Lee Seong-hyon, koreatimes.co.kr
China has always argued that ‘peace' is important," Yun Sun, a senior associate with the Stimson Center in Washington, D.C., told The Korea Times. "By that, they mean a peace treaty between the U.S. and North Korea. They identify that the lack of a peace treaty is the fundamental reason North Korea wants to develop nuclear weapons.
"So, the timing of China's proposal for a peace treaty may sound abrupt, but the Chinese position itself is not. Running back to the peace treaty is China's pattern in handling the Korean nuclear crisis."
The Chinese proposal echoed a longstanding demand by North Korea. Minister Wang characterized it as a "reasonable concern of North Korea." Lu Chao, an expert on North Korea at the Liaoning Academy of Social Sciences in northeast China, echoed the view. "The North Korean demand is reasonable, because after the armistice, there has not been a peace treaty. The armistice is only temporary. If we want North Korea's denuclearization, we should also factor their concerns into consideration."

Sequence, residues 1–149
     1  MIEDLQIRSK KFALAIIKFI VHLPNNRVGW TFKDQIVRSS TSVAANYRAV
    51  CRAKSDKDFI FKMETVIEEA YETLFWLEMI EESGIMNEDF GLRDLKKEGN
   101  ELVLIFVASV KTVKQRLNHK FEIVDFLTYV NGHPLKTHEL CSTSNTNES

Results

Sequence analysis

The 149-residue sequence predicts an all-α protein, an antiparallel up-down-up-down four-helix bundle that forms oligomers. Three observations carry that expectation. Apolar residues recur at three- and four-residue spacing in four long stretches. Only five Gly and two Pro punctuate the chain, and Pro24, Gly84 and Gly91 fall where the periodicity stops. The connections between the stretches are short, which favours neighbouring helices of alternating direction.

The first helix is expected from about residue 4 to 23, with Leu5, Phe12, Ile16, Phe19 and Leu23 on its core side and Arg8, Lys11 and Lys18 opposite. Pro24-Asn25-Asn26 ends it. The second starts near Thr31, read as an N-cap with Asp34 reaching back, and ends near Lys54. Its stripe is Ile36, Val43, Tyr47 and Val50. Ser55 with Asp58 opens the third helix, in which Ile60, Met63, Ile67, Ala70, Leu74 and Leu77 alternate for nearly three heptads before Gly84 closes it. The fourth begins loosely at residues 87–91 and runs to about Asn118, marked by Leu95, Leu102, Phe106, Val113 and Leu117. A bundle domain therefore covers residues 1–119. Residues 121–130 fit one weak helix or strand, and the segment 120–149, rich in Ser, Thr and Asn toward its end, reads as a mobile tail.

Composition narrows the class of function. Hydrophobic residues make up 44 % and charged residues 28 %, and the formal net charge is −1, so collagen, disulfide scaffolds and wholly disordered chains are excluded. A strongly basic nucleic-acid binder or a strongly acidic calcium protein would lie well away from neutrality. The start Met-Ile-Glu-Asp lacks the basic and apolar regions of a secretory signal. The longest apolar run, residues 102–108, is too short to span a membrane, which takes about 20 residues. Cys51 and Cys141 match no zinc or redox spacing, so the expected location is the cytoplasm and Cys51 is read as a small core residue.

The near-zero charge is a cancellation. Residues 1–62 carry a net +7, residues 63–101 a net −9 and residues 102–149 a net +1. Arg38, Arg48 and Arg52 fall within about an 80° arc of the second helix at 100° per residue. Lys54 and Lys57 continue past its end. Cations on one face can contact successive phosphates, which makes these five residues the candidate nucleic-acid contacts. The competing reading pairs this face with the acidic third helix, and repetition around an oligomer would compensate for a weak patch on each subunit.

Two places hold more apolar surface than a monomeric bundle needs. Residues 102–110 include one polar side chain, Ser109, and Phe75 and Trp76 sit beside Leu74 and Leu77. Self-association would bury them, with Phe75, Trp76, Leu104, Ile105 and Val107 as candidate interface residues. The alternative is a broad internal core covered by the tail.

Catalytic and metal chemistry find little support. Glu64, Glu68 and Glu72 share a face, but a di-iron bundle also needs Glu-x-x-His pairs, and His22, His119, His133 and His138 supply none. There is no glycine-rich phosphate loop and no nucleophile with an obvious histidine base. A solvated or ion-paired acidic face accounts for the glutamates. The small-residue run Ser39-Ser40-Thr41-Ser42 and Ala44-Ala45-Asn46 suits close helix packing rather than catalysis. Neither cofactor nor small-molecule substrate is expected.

Jingdong Yuan, an associate professor at the University of Sydney, thinks China is turning the tables with the proposal.
"China has long been criticized for not doing enough on North Korea or scolded to apply more pressure, or cut off oil and stop providing economic aid to North Korea," he said. "China now thinks that if the U.S. folds its arms and sticks to the usual ‘strategic-patience' approach, nothing will really move forward. So, China is saying to the U.S., ‘why don't you also consider this proposal?'"
China's foreign diplomacy on North Korea has been characterized as passive and reactive. China also wants to correct it, by grabbing the initiative for the North Korean nuclear crisis and thus leading the international public diplomacy narrative that has been under Washington's purview. ...